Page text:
Maybank, CIMB and Public Bank have been designated as D-SIBs and will have to maintain extra capital buffers from 31 January 2021 to reduce the probability of failure.
BNM will publish further guidance on the methods used for verifying customer and beneficial owner information and for authenticating their documents.
CIMB, Hong Leong Bank, Maybank, Grab, Razer, AirAsia, Axiata are reportedly considering submitting bids for Malaysian digital bank licences.
BNM has set out its expectations for DFIs' business plans and funding requirements, to enable them to achieve greater developmental outcomes and support the private sector.
Each financial institution will be required to identify and plan for the execution of a suite of recovery options to restore its long-term viability under a range of stress events.
The guidelines require platform operators to carry out due diligence on prospective issuers of digital tokens, and issuers to satisfy governance and capital requirements.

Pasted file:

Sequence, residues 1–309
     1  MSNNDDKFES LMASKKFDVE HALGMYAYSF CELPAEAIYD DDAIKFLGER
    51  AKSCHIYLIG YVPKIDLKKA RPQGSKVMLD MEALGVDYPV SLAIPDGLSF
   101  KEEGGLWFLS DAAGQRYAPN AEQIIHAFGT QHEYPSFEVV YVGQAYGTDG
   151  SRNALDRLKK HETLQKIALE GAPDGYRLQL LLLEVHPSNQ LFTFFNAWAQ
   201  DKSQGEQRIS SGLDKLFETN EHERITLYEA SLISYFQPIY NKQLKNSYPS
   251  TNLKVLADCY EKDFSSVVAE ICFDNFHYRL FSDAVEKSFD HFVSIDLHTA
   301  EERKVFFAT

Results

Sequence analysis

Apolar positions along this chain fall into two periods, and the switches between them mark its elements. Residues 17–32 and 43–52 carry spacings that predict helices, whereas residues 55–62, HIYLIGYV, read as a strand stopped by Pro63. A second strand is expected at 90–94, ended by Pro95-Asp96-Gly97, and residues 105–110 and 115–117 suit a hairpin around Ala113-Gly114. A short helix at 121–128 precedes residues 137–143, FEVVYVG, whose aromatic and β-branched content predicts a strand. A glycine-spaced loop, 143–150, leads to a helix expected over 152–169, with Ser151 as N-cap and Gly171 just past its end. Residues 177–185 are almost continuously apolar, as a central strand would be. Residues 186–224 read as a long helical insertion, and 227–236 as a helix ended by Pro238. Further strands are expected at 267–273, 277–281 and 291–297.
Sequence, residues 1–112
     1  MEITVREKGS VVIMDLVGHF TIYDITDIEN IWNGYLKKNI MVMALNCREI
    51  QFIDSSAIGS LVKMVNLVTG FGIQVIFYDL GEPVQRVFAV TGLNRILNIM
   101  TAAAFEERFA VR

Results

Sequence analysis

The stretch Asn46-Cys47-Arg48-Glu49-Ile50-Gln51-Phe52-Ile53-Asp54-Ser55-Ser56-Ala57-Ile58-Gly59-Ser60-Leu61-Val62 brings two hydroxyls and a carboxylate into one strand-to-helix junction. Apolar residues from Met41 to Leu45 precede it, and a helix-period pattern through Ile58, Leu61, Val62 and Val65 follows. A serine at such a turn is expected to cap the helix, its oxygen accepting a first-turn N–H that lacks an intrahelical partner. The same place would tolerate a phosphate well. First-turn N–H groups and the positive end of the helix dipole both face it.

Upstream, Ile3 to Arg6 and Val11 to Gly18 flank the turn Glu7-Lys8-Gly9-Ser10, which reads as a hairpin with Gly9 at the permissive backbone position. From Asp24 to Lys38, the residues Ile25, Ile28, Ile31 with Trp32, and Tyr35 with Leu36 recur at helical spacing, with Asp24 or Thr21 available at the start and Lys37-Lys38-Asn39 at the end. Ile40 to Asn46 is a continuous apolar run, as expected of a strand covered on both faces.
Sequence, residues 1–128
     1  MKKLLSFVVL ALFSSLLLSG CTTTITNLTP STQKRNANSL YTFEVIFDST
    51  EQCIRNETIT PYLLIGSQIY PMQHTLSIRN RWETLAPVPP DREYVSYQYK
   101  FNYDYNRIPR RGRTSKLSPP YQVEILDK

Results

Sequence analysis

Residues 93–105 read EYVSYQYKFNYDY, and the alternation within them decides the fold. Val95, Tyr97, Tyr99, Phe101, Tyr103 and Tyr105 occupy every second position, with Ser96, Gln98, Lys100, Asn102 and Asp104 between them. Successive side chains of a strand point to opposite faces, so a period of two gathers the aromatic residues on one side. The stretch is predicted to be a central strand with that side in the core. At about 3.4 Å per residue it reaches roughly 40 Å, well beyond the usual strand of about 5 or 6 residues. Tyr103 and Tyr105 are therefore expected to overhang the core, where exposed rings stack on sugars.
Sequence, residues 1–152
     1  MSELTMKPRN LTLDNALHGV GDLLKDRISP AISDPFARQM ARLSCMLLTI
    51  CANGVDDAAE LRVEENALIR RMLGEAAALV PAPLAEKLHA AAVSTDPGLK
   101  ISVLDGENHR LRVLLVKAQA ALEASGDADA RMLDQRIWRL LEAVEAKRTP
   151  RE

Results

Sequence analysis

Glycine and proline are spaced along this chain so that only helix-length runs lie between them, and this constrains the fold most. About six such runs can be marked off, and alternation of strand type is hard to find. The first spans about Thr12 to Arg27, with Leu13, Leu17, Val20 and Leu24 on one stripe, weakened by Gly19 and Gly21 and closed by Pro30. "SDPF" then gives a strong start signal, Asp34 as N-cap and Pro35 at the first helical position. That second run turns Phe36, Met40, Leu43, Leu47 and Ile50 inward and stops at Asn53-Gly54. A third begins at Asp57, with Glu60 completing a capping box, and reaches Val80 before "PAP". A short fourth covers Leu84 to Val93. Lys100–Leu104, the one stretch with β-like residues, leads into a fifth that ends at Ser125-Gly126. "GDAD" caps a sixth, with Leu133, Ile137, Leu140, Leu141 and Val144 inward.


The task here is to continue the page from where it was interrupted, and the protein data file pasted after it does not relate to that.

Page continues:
Every Malaysian aged 18 years and above, and earning less than 100,000 ringgit a year, is eligible to receive a one-off 30 ringgit through one of three e-wallet companies.
Herbert Smith Freehills breaks down Malaysia's new framework for digital banks, comparing the regime to those in Singapore and Hong Kong.
Financial institutions need BNM's prior written approval to acquire or hold 20% or more of the voting shares or voting power in a corporation. Compliance is required by 31 December 2021.
The first document is for banks, insurers, money services businesses and payments providers. The second is for NBFIs and DNFBPs, including lawyers, accountants, casinos, real estate agents and trust companies.